In no time we arrive at the hospital. It must have been no further away than a couple of city blocks. They accompany me into the building (I’m walking) and I go to the receptionist, who asks me to repeat the story. At no point does she ask me for any identification, which I find odd. Then I begin the first of at least five conversations regarding my health insurance.

I’m insured, of course, because German law requires everyone to be insured. But my particular status—being insured by a foreign insurance company—seems a bit complicated to the poor woman.

(This I found somewhat surprising. Gettysburg is one of those towns in which on any given day the tourists probably outnumber the residents. I discussed this later with my sister, and argued that perhaps Gettysburg is only a draw for American tourists, and that probably not so many foreign tourists go there. She assured me of having seen many a busload of foreigners in Gettysburg.)

At some point I get put into a bed. A nurse comes, and asks me to repeat the story. I do. She takes my blood pressure.

A doctor comes, and asks me to repeat the story. He orders a bunch of tests: a CAT scan of my head, an X-ray of head and neck, an EKG, and blood and urine samples. They start with the EKG.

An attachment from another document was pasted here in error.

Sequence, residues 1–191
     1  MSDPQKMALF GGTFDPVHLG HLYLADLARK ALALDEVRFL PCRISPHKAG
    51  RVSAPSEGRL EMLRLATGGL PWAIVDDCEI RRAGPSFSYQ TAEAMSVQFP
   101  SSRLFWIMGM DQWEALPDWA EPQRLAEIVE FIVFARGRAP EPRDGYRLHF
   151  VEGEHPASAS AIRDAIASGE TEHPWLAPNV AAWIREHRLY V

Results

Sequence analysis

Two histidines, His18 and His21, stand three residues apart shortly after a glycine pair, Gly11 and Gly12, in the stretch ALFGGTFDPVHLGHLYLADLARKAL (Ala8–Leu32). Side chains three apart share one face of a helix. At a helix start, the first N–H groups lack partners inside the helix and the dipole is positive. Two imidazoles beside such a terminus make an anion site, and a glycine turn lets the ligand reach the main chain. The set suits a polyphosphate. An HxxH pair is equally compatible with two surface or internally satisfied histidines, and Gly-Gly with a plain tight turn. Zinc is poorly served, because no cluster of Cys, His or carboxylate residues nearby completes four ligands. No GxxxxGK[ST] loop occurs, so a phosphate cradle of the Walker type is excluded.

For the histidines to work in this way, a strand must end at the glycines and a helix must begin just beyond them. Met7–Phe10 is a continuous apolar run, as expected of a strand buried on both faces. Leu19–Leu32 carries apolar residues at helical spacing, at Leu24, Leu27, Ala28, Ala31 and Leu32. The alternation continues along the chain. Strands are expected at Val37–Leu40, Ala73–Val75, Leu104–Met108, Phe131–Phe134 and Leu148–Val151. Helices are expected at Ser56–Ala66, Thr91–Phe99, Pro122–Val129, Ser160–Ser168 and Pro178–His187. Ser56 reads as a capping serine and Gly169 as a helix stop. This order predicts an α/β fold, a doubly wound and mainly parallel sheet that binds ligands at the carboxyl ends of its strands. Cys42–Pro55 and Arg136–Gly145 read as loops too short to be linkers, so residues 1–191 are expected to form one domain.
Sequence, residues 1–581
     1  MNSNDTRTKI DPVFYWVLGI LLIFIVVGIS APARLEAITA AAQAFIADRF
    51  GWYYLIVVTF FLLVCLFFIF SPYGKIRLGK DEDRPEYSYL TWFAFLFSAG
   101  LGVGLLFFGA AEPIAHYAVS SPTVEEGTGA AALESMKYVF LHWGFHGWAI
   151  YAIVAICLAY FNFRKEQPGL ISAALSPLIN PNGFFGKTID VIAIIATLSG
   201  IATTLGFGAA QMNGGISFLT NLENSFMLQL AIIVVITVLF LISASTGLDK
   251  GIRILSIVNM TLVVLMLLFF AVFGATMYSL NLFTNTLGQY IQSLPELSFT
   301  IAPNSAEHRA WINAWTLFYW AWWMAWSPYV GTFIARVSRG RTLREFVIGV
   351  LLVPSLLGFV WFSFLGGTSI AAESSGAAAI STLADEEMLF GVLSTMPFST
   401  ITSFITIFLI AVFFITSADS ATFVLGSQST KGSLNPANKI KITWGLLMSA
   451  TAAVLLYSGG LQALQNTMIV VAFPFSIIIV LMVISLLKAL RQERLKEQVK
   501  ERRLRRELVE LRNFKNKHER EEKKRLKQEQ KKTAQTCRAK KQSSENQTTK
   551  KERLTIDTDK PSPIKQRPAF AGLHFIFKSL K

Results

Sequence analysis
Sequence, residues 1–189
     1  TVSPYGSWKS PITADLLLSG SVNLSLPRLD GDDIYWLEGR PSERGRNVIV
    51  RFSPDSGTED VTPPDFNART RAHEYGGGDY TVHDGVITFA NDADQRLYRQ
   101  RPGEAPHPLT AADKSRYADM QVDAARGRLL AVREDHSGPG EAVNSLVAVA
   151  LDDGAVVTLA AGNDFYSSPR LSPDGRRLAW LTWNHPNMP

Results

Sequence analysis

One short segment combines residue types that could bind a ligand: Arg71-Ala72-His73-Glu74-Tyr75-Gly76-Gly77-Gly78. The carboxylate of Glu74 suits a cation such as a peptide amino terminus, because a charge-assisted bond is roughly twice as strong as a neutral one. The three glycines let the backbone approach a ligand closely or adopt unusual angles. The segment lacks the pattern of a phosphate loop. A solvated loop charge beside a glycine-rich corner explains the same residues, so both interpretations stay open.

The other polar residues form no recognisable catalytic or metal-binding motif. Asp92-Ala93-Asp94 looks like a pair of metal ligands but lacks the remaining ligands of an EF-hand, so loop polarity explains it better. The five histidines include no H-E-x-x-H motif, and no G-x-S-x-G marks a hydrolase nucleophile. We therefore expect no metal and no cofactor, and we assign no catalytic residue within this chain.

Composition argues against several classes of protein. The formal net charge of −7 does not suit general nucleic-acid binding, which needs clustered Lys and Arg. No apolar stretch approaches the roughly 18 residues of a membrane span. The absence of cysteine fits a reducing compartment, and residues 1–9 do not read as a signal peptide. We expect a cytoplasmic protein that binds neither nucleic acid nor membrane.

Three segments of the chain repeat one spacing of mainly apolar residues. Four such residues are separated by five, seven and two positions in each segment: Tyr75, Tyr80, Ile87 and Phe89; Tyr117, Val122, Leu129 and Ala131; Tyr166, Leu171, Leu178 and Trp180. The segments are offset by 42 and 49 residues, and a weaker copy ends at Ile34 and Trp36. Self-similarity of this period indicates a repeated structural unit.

Five minutes later, the doctor comes again and asks, “Do you have any chest pains? Did you have any chest pains?”


“No chest pains?”

“No. Ummm…why? Is something wrong with my EKG?”

“Well, I’m not really sure. There are some [doctor speak which I don’t recall] which are somewhat unusual. Let me get it and show you.”

He shows me what I later learned are called PVCs.  Remember this.
He talks quietly to the nurse, and things start to change quickly. They put an IV in my hand, an oxygen tube thingy around my ears which blows air into my nostrils, a blood pressure band around my arm which is hooked up to a machine that automatically takes my blood pressure every few minutes, a red-glowing white plastic thingy on my finger, and electrodes on my chest. I also have to get undressed and put on a hospital gown.

Meanwhile, all the nurses call me “Jeff”.

At this point I’m thinking, “They think I’m having a heart attack!” which upsets me a great deal. I almost start crying. I’m in Gettysburg having a heart attack, and I’m supposed to fly home in two days!

They tell me that they’re monitoring me closely, and that if necessary they will move me to a hospital in York.

The doctor orders more tests: chiefly, he wants an X-ray of my chest now.